Argumentum Ad Speculum An appeal to an improper authority, such as a famous person or a source that may not be reliable. This fallacy attempts to capitalize upon feelings of respect or familiarity with a famous individual.
Ignorantio Elenchi This fallacy is a result of reasoning from the properties of the parts of the whole to the properties of the whole itself--it is an inductive error.
Stacking the Deck Suppose an individual argues that women must be incompetent drivers, and he points out that last Tuesday at the Department of Motor Vehicles, 50% of the women who took the driving test failed. That would seem to be compelling evidence from the way the statistic is set forth. However, if only two women took the test that day, the results would be far less clear-cut.
Petitio Principii This argument uses force, the threat of force, or some other unpleasant backlash to make the audience accept a conclusion.
Circular Reasoning This type of false cause occurs when the writer mistakenly assumes that, because the first event preceded the second event, it must mean the first event caused the later one.
Snob Approach since one position is untenable, the opposite stance must be true.
Argument from the Negative Establishing a premise in such a way that it contradicts another, earlier premise.
Circumstantial Relying only on comparisons to prove a point rather than arguing deductively and inductively.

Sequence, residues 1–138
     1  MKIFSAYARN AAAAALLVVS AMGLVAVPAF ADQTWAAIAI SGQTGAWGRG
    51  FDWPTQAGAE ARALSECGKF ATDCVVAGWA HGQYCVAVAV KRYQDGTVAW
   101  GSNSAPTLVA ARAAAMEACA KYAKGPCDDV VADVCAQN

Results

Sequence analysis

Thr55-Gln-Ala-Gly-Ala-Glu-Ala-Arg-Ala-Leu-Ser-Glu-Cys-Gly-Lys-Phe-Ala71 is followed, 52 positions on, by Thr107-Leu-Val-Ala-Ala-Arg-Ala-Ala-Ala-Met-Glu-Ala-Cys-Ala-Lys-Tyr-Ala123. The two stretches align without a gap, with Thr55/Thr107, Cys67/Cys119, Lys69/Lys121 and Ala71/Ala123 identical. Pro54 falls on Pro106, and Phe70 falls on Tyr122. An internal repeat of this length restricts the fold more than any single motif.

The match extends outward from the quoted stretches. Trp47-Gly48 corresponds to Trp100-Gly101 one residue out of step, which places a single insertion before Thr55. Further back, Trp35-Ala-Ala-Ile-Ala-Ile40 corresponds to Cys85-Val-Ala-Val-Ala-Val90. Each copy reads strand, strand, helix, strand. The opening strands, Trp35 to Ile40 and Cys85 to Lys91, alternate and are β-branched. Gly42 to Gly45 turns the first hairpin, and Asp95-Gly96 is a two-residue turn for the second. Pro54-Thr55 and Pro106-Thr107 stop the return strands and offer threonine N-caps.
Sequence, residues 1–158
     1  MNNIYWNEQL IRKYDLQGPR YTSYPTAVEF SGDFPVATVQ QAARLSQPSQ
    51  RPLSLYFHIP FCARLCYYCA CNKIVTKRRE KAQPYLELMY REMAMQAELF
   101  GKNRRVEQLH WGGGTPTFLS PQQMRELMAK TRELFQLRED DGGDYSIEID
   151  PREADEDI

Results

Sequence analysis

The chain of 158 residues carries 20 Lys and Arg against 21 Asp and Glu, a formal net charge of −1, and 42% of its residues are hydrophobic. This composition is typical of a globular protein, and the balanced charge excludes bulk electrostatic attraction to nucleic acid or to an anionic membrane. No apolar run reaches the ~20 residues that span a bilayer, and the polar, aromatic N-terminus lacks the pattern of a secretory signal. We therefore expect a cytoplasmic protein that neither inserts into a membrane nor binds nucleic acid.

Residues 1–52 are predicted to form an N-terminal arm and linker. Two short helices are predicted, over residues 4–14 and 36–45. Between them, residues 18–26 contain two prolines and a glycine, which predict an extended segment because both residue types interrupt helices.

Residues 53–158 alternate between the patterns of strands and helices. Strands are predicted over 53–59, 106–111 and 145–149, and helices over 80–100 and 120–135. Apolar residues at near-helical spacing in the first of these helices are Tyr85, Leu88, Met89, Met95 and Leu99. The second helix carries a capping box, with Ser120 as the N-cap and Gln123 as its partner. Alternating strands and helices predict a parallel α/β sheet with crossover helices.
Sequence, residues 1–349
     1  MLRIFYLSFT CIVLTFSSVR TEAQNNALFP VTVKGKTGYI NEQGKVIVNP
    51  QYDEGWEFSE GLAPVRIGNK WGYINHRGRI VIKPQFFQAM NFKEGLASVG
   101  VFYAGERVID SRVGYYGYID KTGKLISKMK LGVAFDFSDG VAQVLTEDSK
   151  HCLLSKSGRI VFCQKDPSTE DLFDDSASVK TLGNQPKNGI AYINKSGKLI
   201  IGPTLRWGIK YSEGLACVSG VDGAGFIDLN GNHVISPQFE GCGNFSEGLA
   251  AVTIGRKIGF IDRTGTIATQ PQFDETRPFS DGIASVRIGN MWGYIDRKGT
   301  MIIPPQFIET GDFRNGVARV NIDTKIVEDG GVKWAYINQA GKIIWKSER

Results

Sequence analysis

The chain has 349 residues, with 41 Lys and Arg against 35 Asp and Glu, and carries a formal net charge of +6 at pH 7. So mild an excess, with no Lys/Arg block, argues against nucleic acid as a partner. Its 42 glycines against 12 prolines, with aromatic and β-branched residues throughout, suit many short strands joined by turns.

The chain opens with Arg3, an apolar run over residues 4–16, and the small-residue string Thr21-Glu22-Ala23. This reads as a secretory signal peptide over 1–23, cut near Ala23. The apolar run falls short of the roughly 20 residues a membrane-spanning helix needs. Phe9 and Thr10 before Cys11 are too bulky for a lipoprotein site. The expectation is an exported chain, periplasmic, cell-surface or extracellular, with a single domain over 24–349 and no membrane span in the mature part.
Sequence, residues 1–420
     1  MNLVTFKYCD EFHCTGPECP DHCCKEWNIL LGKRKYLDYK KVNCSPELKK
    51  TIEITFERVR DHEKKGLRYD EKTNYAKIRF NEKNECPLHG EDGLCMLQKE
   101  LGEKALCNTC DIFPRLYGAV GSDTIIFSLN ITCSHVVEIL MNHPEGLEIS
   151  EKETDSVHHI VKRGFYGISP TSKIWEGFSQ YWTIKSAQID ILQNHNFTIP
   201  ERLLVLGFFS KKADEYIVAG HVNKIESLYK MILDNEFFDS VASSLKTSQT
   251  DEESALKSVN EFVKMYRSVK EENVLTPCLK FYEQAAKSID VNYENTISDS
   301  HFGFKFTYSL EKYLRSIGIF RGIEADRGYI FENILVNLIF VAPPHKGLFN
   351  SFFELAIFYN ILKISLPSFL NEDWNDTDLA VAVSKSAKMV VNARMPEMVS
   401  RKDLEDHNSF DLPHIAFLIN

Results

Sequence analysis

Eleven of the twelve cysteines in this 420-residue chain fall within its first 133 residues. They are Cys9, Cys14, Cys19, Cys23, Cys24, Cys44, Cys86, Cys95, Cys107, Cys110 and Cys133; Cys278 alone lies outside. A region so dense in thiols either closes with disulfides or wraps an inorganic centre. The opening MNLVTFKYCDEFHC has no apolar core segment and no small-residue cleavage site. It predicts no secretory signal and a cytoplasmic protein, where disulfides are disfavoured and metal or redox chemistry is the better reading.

Bandwagon Approach A specific type of error in deductive reasoning in which the minor premise and the major premise of a syllogism might or might not overlap.
Patriotic Approach This fallacy occurs when a rhetorician adapts an argument purporting to establish a particular conclusion and directs it to prove a different conclusion.
Non Sequitur Often the writers using this fallacy word take one idea and phrase it in two statements. The assertions differ sufficiently to obscure the fact that that the same proposition occurs as both a premise and a conclusion. The speaker or author then tries to "prove" his or her assertion by merely repeating it in different words.
Slippery Slope This fallacy establishes a cause/effect relationship that does not exist.
Undistributed Middle Term This type of argumentum ad populum doesn’t assert “everybody is doing it,” but rather that “all the best people are doing it.”
Composition Attacking or praising the people who make an argument, rather than discussing the argument itself.
False Cause If writers assume as evidence for their argument the very conclusion they are attempting to prove, they engage in the fallacy of begging the question. The most common form of this fallacy is when the first claim is initially loaded with the very conclusion one has yet to prove.
Abusive This fallacy is similar to equivocation. Here, the ambiguity results from grammatical construction.
Equivocation This fallacy is the reverse of composition. It is the misapplication of deductive reasoning. One fallacy of division argues falsely that what is true of the whole must be true of individual parts.
Genetic Fallacy any argument that does not follow from the previous statements. Usually what happened is that the writer leaped from A to B and then jumped to D, leaving out step C of an argument she thought through in her head, but did not put down on paper.
Ad Baculum ignoring examples that disprove the point, and listing only those examples that support her case.
Faulty Analogy Mistaken use of inductive reasoning when there are too few samples to prove a point.